Israel's air force bombed a military facility in western Syria, the Syrian media said Wednesday, a development that could further complicate the already volatile conditions in the region.
Israel did not confirm or deny the report. But The Associated Press, citing "regional security officials," said Israel believed that Syria was sending weapons to its ally Hezbollah in neighboring Lebanon.
Syria's state-run SANA news agency denied reports that a truck convoy was bombed. It said the Israelis hit a scientific research center used by the military northwest of Damascus. Two workers were killed and five were injured in the dawn attack, SANA added.
According to the AP, the Israelis are concerned that Syrian President Bashar Assad may pass on chemical weapons or anti-aircraft missiles to Hezbollah, the dominant power in Lebanon, which has frequently clashed with Israel.
Israel and Syria have never made peace, but direct military confrontations have been rare since the 1973 Arab-Israeli war.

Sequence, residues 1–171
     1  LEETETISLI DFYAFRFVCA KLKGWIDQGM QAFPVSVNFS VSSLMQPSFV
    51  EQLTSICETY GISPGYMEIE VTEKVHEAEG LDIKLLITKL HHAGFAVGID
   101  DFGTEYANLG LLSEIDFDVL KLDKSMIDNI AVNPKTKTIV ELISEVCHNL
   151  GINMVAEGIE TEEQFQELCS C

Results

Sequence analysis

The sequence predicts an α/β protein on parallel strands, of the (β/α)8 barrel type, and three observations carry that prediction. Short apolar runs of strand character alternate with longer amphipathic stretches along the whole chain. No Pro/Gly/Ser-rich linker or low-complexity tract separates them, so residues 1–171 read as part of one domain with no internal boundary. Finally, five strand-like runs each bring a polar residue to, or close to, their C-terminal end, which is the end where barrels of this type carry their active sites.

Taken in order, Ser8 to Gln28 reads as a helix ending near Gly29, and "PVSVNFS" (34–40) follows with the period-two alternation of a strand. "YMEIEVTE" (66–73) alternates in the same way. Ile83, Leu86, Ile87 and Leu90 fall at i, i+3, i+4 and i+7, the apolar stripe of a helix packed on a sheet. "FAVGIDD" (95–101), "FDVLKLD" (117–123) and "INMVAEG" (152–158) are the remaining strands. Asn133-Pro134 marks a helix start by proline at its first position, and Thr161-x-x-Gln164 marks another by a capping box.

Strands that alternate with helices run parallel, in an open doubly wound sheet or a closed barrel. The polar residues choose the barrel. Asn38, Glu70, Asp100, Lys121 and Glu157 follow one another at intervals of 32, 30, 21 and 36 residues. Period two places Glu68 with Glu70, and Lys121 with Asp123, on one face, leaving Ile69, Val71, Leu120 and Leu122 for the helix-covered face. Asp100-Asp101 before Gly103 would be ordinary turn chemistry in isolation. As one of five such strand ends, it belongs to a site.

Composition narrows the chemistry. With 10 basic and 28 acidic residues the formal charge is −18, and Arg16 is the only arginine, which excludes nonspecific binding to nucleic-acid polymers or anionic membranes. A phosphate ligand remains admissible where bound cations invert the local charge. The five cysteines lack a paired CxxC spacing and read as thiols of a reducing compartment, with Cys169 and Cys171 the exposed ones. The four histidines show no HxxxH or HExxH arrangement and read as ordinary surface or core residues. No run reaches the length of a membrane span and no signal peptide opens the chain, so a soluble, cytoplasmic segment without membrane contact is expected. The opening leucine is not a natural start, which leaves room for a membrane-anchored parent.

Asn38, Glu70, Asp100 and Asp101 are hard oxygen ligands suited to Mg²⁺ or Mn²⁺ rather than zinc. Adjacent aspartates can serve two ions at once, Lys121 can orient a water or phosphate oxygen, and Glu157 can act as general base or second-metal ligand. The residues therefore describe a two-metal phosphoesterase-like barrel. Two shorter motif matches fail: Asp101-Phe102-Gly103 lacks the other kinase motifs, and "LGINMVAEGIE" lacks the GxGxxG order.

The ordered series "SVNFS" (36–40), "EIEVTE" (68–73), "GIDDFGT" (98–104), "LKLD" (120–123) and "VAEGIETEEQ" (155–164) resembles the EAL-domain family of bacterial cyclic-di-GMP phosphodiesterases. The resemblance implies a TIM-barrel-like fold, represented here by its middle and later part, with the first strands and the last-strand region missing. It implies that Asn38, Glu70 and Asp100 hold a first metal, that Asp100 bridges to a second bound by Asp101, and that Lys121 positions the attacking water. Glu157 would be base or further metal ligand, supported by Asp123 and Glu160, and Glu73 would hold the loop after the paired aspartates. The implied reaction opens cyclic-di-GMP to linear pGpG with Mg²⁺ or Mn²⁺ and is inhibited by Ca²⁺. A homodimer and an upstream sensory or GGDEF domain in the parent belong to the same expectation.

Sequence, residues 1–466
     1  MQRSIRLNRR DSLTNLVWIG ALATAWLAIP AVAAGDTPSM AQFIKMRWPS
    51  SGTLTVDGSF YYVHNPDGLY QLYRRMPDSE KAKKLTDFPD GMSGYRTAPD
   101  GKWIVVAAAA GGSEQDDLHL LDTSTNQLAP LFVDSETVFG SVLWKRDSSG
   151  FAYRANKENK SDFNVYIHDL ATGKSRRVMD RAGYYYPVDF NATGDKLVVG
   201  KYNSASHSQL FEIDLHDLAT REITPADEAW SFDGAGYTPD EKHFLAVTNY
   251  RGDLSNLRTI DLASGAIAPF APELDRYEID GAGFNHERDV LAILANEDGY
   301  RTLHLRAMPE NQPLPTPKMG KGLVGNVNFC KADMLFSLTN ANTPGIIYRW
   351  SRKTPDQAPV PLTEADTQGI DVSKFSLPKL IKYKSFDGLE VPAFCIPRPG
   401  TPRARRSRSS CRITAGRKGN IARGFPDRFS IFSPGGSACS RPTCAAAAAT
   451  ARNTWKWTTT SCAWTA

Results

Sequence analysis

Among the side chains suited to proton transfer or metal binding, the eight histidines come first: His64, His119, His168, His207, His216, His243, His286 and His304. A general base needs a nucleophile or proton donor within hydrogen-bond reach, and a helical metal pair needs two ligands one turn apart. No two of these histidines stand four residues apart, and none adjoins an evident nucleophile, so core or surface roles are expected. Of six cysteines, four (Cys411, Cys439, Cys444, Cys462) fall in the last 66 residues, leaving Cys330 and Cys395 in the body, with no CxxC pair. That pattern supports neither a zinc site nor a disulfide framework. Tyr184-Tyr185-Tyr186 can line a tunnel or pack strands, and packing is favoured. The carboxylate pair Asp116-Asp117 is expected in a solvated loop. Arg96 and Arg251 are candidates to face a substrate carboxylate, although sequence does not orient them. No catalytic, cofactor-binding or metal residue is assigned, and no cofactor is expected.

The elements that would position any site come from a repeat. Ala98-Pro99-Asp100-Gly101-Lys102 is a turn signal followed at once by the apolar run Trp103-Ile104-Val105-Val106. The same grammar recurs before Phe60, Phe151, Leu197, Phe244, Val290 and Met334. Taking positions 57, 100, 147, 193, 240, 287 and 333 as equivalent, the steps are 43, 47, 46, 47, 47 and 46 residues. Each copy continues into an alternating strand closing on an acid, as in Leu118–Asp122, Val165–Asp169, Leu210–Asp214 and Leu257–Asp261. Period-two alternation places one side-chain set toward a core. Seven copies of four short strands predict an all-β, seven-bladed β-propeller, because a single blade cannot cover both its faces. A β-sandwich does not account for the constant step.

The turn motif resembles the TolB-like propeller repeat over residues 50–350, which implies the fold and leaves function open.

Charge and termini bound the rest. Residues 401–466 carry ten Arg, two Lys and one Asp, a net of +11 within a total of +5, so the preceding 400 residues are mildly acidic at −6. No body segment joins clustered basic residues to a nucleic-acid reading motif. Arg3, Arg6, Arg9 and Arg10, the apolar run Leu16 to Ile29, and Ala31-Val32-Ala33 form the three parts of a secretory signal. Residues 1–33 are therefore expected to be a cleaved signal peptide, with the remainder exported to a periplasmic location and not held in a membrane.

The last Israeli airstrike in Syria was in 2007, when Israel bombed what it believed was a secret nuclear reactor. Syria has denied that the building was a nuclear facility.
In that 2007 attack and earlier ones, the Israelis carried out single strikes and did not wage a broader military campaign. Syria, in turn, did not respond directly to Israel but is widely seen as working through Hezbollah.
Israel has been closely monitoring the uprising and civil war in Syria since it began nearly two years ago but has not been directly involved.
We plan to update this post when more information becomes available.
Copyright 2013 NPR. To see more, visit http://www.npr.org/.